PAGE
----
1. Oye What I'm Gonna Tell You by Milanés
  2. Crossing The Creek by Anna Lillios
  3. The Historicism of Charles Brockden Brown by Mark L. Kamrath
  4. Problem Novels by Anna Maria Jones
  5. The Rhetorical Nature of XML by J.D. Applen and Rudy McDaniel
  6. Lizard Man by David James Poissant
  7. The Terrible Wife by Terry Thaxton
  8. Elegant Punk by Darlin Neal
  9. Ecocritical Explorations in Literary and Cultural Studies by Patrick D. Murphy
  10. The Heaven of Animals by James Poissant
  11. The Zero Theorem by Pat Rushin
  12. Drawing on the Victorians, edited by Anna Maria Jones
  13. Getaway Girl by Terry Thaxton
  14. Rattlesnakes and the Moon by Darlin Neal
  15. The Society of S by Susan Hubbard
  16. Intercultural Communication by Houman Sadri and Madelyn Flammia
  17. People Get Ready by Kevin Meehan
  18. Transversal Ecocritical Praxis by Patrick D. Murphy
  19. Collecte Writings of Charles Brockden Brown edited by Mark L. Kamrath
  20. Innocence, Heterosexuality, and the Queerness of Children’s Literature by Tison Pugh
  21. As If, poems by Russ Kesler
  22. Writing for the Web: Composing, •Coding, and Constructing Web Sites
  23. The Flight of the Kuaka by Donald Stap
  24. Everyday Chica by Cecilia Rodríguez Milanés
  25. The Season of Risks by Susan Hubbard
  26. Marielitos, Balseros and Other Exiles by Cecilia Rodríguez Milanés
  27. Virtual Teams in Higher Education by Flammia
  28. The Year of Disappearances by Susan Hubbard

Highlights

Five UCF First-Year Composition Students' Writing Featured in New Issue of Stylus

December 2016

photoCongratulations to UCF students Kristina Abicca, Dana Mikkelsen, Taylor Rayfield, Amber Steward, and Shravan Yandra, all of whom have had work they produced in their first-year composition classes published in the latest issue of Stylus: A Journal of First-Year Writing. The subjects of their individual articles vary—from considerations of writing processes to the effects of multilingualism on note-taking and knowledge-making to the rhetoric behind design choices made on medical resource websites—but all share a sense that writing can be used to meaningfully inquire into the world around us. "Their work is truly outstanding," said Stylus faculty editor, Matthew Bryan, "and represents our first-year writing program very well."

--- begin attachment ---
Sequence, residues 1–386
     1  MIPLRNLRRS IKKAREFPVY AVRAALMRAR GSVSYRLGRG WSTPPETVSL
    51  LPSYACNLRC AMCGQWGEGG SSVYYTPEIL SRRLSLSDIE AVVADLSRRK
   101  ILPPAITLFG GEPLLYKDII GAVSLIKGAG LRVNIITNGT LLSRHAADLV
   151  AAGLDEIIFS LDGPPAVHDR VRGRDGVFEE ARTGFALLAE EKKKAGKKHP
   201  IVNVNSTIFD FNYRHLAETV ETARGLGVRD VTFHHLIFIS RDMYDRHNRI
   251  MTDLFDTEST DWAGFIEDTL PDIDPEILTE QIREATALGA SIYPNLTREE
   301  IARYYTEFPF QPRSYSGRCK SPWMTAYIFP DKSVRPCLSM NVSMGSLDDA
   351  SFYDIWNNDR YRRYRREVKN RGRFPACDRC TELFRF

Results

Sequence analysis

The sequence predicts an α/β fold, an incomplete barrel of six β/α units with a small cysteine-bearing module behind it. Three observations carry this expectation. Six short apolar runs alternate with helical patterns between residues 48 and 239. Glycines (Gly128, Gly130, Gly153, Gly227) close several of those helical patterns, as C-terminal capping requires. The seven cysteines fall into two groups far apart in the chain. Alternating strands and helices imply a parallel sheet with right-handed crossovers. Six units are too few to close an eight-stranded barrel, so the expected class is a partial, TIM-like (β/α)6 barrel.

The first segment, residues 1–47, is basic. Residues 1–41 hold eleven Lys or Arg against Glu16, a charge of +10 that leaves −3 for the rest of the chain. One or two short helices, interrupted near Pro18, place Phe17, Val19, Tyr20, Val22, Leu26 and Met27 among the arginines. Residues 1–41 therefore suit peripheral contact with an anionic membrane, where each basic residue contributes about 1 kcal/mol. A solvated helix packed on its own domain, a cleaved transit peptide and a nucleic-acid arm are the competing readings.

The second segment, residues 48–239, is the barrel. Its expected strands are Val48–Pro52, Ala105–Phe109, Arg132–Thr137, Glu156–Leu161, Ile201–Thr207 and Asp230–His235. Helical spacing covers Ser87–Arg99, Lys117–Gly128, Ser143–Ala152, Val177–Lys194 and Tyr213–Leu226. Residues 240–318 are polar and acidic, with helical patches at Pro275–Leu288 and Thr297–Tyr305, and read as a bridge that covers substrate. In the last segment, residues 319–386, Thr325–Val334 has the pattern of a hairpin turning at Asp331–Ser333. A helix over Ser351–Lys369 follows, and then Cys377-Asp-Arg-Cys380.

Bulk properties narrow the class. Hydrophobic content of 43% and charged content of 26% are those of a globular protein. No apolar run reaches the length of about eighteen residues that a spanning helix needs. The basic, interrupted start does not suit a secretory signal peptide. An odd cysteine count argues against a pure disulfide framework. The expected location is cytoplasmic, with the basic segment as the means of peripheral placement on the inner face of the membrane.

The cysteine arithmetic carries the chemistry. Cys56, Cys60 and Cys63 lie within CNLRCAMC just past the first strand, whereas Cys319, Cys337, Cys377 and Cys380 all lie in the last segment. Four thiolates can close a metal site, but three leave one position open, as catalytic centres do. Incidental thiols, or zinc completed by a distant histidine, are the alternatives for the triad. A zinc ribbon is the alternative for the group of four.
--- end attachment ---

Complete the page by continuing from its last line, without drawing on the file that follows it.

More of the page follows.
Stylus is published twice a year online by the First-Year Composition Program and seeks to shine a spotlight on some of the stellar work that students produce in either of UCF's first-year composition classes, ENC 1101: Composition I or ENC 1102: Composition II. Teams of students and faculty collaborate to review submissions and then work with selected authors to prepare their articles for publication. Each year, President Hitt awards one author published in the journal the Hitt Prize for Excellence in First-Year Writing, a $500 scholarship funded by the President.

More can be learned about Stylus at the journal's website: http://writingandrhetoric.cah.ucf.edu/stylus/. All previous issues of Stylus can be found here, and authors interested in submitting work for consideration can find how to do so at the journal's submission guidelines page. Stylus will be accepting submissions for the Spring 2017 issue through Friday, February 10.

Read all highlights.

Department of English • College of Arts & Humanities at the University of Central Florida
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